Section B: Real People, Real Farms – Case Studies of Urban Agriculture
- Students will learn about examples of urban agriculture around the country.
- Students will be able to apply the concepts taught in the module to real situations.
Background / Lessons
The best exposure to an urban agriculture operation or organization is a visit. The next best thing is to invite a farmer or staff member to speak to your class in the school. To get ideas, search the web for options in your area, or contact your city’s park department or local Extension agent. Inquire about community gardens or orchards, urban ground-based farms or rooftop gardens, or an urban agriculture organization in your area. If you invite a speaker, make sure they know in advance what aspects of the operation your class is interested in. You might want to discuss some possible activities that would be appropriate for your class to do.
Prepare your students for the visit by having them review information about the enterprise or organization and decide on what questions they want answered. The questions should address some aspect of sustainability, but they may range from questions about values and quality of life to technical questions about how crops are grown.
If you wish, you can assign the class the task of writing up a case study of the farm or organization based on the field trip or guest presentation. They can use the farm interview form as the basic template for the case study. They can also take pictures or videos, provided they get permission from the host.
If a field trip or guest presenter is not feasible, use one or more of the case studies
Activity: Evaluating Sustainability
Food Forward, Pilot: Urban Farming, 24 minutes long.
This video provides a good overview of urban agriculture. It features rooftop gardening, beekeeping, inner-city farming, community gardens, and more. The interviews with different farmers/gardeners will help students understand some of the reasons and motives behind urban agriculture. [Note: The video first aired in 2012 and most of the individuals/groups are still active. However, Sweet Water Organics in Milwaukee no longer exists. The owner of Growing Power, Will Allen, retired and the business is being carried on in Chicago, IL.]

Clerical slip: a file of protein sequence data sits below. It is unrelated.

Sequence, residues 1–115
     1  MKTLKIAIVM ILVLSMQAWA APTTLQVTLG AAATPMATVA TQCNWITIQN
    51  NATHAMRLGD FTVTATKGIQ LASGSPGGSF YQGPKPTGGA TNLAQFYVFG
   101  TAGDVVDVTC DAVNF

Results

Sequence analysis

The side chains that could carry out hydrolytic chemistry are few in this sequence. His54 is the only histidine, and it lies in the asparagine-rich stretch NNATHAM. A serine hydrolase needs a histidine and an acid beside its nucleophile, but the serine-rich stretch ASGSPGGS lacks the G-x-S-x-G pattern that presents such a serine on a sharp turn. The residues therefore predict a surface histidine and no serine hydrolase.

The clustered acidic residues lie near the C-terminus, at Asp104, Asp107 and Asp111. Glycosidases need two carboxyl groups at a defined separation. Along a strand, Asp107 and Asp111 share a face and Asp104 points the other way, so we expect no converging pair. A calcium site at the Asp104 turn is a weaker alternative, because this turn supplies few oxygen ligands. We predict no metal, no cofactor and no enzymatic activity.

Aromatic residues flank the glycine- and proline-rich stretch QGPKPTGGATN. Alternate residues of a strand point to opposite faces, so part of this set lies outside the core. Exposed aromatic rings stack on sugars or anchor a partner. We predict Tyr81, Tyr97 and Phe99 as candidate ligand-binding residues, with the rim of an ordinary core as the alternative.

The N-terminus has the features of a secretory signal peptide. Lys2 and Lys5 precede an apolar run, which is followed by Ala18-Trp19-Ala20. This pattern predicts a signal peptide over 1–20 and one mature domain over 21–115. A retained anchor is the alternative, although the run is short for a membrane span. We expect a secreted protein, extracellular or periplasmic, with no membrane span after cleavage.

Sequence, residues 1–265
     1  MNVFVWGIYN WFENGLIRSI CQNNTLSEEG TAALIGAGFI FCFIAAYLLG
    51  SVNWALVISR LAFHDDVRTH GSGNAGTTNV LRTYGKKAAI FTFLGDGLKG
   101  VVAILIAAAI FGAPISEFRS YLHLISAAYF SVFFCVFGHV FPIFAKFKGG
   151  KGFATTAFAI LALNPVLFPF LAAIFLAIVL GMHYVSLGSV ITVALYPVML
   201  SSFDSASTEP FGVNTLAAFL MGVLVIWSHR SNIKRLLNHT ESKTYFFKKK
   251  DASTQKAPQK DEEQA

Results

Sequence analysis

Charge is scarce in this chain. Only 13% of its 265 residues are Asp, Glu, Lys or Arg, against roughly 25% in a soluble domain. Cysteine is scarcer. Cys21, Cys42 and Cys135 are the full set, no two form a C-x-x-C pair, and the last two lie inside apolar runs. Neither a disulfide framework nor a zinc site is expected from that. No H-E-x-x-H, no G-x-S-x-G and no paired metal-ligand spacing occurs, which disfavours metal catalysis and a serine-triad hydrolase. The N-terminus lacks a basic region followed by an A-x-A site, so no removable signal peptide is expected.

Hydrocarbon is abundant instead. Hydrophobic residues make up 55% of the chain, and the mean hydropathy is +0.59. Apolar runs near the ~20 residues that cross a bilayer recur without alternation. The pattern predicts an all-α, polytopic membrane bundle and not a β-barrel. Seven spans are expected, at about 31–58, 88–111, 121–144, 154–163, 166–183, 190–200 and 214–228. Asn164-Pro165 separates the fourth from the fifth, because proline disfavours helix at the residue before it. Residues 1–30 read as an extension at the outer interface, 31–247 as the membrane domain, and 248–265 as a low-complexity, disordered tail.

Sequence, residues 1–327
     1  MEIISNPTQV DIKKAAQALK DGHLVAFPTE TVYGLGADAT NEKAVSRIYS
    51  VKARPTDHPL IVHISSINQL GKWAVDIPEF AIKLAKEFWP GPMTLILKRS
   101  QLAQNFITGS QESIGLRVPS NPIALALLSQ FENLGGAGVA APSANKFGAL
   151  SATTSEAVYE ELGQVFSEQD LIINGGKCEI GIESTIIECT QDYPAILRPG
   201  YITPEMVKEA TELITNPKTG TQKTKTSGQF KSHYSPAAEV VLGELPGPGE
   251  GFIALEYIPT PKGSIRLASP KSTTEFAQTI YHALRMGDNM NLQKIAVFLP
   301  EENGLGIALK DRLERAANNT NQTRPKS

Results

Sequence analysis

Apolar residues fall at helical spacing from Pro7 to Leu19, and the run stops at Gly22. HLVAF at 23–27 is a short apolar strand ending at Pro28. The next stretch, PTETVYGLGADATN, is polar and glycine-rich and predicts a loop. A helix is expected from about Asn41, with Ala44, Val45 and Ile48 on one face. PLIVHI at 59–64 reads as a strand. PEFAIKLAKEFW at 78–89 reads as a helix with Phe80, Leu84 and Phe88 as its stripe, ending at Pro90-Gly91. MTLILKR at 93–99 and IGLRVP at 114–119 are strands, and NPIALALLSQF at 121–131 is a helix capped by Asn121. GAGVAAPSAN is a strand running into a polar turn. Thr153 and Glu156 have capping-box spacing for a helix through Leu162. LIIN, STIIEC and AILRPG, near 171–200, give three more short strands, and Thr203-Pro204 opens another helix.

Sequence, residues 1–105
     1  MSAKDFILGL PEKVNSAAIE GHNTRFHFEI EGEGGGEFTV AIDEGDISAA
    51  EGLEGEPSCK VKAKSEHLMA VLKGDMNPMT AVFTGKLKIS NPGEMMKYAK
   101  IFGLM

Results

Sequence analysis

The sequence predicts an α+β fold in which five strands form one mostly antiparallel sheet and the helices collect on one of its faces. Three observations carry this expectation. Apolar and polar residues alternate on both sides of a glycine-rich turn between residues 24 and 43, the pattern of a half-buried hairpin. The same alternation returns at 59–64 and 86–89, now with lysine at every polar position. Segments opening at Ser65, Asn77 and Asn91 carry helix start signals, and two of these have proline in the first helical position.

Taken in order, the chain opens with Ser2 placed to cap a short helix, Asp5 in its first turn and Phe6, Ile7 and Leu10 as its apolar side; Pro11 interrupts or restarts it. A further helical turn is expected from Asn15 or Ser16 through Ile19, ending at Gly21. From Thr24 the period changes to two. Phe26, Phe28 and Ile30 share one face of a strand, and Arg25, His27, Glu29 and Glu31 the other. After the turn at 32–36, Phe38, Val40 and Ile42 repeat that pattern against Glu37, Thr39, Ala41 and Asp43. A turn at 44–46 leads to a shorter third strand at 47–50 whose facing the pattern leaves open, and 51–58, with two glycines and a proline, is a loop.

The Food Forward, Pilot: Urban Farming worksheet can be distributed to students before you show the video so they will know what information to look for. Alternatively, you can use the worksheet questions to guide class discussion after watching the video.
Website and Written Case Studies
The following case studies have extensive information on their websites. Links to articles and/or a background write-up with additional information are also provided. A worksheet key is provided for the first three case studies in the Activity. Additional case studies are included for further student interest.
- Rooftop Farm Example:
- The Brooklyn Grange, New York City, NY. Brooklyn Grange is also briefly featured in the PBS video.
- Nonprofit Urban Agriculture Organization Example:
- Ground-Based Urban Farm Example:
- Community Garden Example:
- Vertical (hydroponic) Farm Example:
- Floriculture Examples:
- Spry Flower Farm, Brooklyn NY
News article on Spry Flower Farm
- Plein air, Paris
Note: the website is in French, but Google can automatically translate.
This news article is in English. At the bottom of the article is a short video discussing the conventional flower industry and efforts to develop local flower supplies.
- Spry Flower Farm, Brooklyn NY
- Food Incubator Examples:
- This UW Extension website features a list of food incubator businesses around the state of Wisconsin, short videos discussing how incubators work, and the types of value-added foods produced.
The Additional Reading in Section A provides a list of books that contain more urban agriculture case studies.